Monday, March 2, 2009

Something not political

But I have a couple of doozies I'm thinking about posting...

Urban wildlife challenges Rondy race


Published: March 1st, 2009 10:14 PM
Last Modified: March 2nd, 2009 01:36 AM

If you think the heart of winter is a safe time to travel along the snowy trails of East Anchorage -- what with grizzly bears asleep in their dens and moose minding their own business -- think again.

Anchorage's Big Wild Life was wide awake and dangerously feisty for the weekend's Fur Rendezvous Open World Championship sled dog race.

A grizzly bear was spotted Saturday after the race on the Fur Rondy trail by Jeff Barnhart, an official with the Alaskan Sled Dog & Racing Association. Fortunately, when Barnhart encountered the animal he was on a snowmachine looking for a camera lost along the trail by one of the Rondy mushers.

He and the bear managed to part ways without anyone getting hurt, but the dog team of Curtis Erhart was not so lucky when it ran into a moose on Sunday, the last day of the three-day event. The ornery moose charged Erhart's team on his way back to the finish line downtown.

The moose wasn't as kind to Erhart as the bear was to Barnhart. Several dogs were injured.

"It was like a slow-motion movie," Erhart said. "I got three (dogs) that are hurt pretty good."

The nightmare started about a mile before the Fairbanks musher reached the Tudor Road bridge.

Erhart was enjoying a smooth run along Rondy's 25-mile trail, which starts on the corner of Fourth Avenue and D Street and follows the city's trail system into Far North Bicentennial Park and Campbell Tract, where it turns back around on the same trail.

Erhart met his match on the homebound trail when he looked up and saw a cow moose walk onto the trail along with her calf about three feet in front of his leaders.

The moose almost immediately began stomping through his 10-dog team.

"I stuck my head up and here it comes right at me head on," he said. "I didn't even see it until it was too late."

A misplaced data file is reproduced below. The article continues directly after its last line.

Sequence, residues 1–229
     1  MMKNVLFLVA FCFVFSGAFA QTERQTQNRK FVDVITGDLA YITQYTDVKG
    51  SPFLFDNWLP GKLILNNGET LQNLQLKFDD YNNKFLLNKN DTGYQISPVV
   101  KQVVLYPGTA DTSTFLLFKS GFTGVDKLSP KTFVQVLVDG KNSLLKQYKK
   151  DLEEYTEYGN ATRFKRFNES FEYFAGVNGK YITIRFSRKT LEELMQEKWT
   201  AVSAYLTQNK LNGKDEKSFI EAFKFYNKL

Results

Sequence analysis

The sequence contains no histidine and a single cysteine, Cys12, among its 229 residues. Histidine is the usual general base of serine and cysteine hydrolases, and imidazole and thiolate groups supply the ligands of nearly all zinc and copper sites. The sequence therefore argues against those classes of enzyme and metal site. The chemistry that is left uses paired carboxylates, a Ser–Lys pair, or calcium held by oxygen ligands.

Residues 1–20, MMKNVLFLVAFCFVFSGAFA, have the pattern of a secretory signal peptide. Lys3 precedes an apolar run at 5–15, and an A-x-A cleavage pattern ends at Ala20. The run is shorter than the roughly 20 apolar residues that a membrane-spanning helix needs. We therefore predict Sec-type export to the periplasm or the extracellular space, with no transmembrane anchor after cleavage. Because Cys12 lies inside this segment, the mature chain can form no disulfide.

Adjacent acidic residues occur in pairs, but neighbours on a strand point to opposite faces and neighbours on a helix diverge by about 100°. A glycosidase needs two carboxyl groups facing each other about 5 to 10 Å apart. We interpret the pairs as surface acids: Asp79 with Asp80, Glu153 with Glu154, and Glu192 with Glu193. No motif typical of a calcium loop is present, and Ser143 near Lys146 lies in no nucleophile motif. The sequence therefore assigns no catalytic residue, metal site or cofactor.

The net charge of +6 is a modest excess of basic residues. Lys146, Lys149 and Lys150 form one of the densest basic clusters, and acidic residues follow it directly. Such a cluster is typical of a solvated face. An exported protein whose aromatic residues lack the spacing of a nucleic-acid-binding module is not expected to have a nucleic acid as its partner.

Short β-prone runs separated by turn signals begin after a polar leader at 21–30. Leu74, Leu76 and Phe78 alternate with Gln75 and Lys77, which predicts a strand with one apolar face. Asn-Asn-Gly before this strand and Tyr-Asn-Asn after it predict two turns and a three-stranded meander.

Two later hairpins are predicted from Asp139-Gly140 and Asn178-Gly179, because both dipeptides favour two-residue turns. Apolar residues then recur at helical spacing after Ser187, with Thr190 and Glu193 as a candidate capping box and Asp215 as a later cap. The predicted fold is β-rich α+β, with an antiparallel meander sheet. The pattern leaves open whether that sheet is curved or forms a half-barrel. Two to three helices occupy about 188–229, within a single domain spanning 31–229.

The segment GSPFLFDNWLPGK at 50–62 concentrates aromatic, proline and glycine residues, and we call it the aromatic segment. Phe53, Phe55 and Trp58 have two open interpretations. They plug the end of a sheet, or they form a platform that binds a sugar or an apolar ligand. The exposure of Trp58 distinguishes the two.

He wasn't the only musher to encounter an angry moose.

Before the three-day race even began, disaster struck Buddy Streeper's team. He was on his final, pre-Rondy training run Tuesday in Far North Bicentennial Park when his team encountered a very protective cow moose on the trail.

The moose knocked one of his dogs, Issac, unconscious and kicked at others.

Erhart's team suffered even more damage. Three of his dogs were injured by the attack. Erhart, who luckily escaped injury himself, couldn't give details on the extent of their injuries but said they appeared serious.

Still, he considered the team "lucky," as he finished with all 10 dogs.

The cow and her calf bolted through the heart of his team, kicking and snorting.

Their hooves flying, they came back for another round of blows and broke the snaps that keep dogs running in uniform on the gangline.

Canadian Brent Beck, a fellow musher, and his team came upon the madness and Beck stopped to help Erhart, who had three dogs running loose.

He waited for Erhart to re-harness the dogs and took off for downtown. But the pair of moose charged after his team.

They eventually backed off, Erhart said, probably because they didn't feel like keeping up with Beck's pace. Some sprint teams travel up to 20 mph.

"I'm glad (the moose) eventually ran off the trail," Erhart said.

Barnhart said much the same about the bear. He experienced his spine-tingling wildlife encounter about an hour after Saturday's race had finished.

He was combing the trail on a snowmachine, looking for a camera that one of the mushers had lost.

It was around 3:30 p.m., and snow had been falling all day, so he was driving slowly. He scoured the trail where the camera was thought to be, but turned back, empty-handed.

What he found on his way back home blew his mind.

"I was thinking how strange it was that I hadn't seen a moose or anything," he said.

Moment later, he got a look at some real wildlife. He took his finger off the throttle when a tall and thin grizzly stopped in his way about 20 or 30 yards ahead, staring directly at him.

"God, am I seeing things?" he remembers asking himself. "That's not a moose. That's not a dog, either. That's a big brown bear."

Barnhart had a choice: Put the snowmachine in reverse and follow the trail backwards until he reached an intersection, or go full-throttle forward and hope to scare the bear.

He chose the latter and drove directly at the grizzly.

"She took off and ran up into the hills," he said.

Hopefully headed back for her den. Grizzly bears in the Anchorage area usually stay in hibernation well into April or May, although -- as with bears everywhere -- it is not unheard of for them to wake up during the winter and come out to poke around for a while before going back to sleep.

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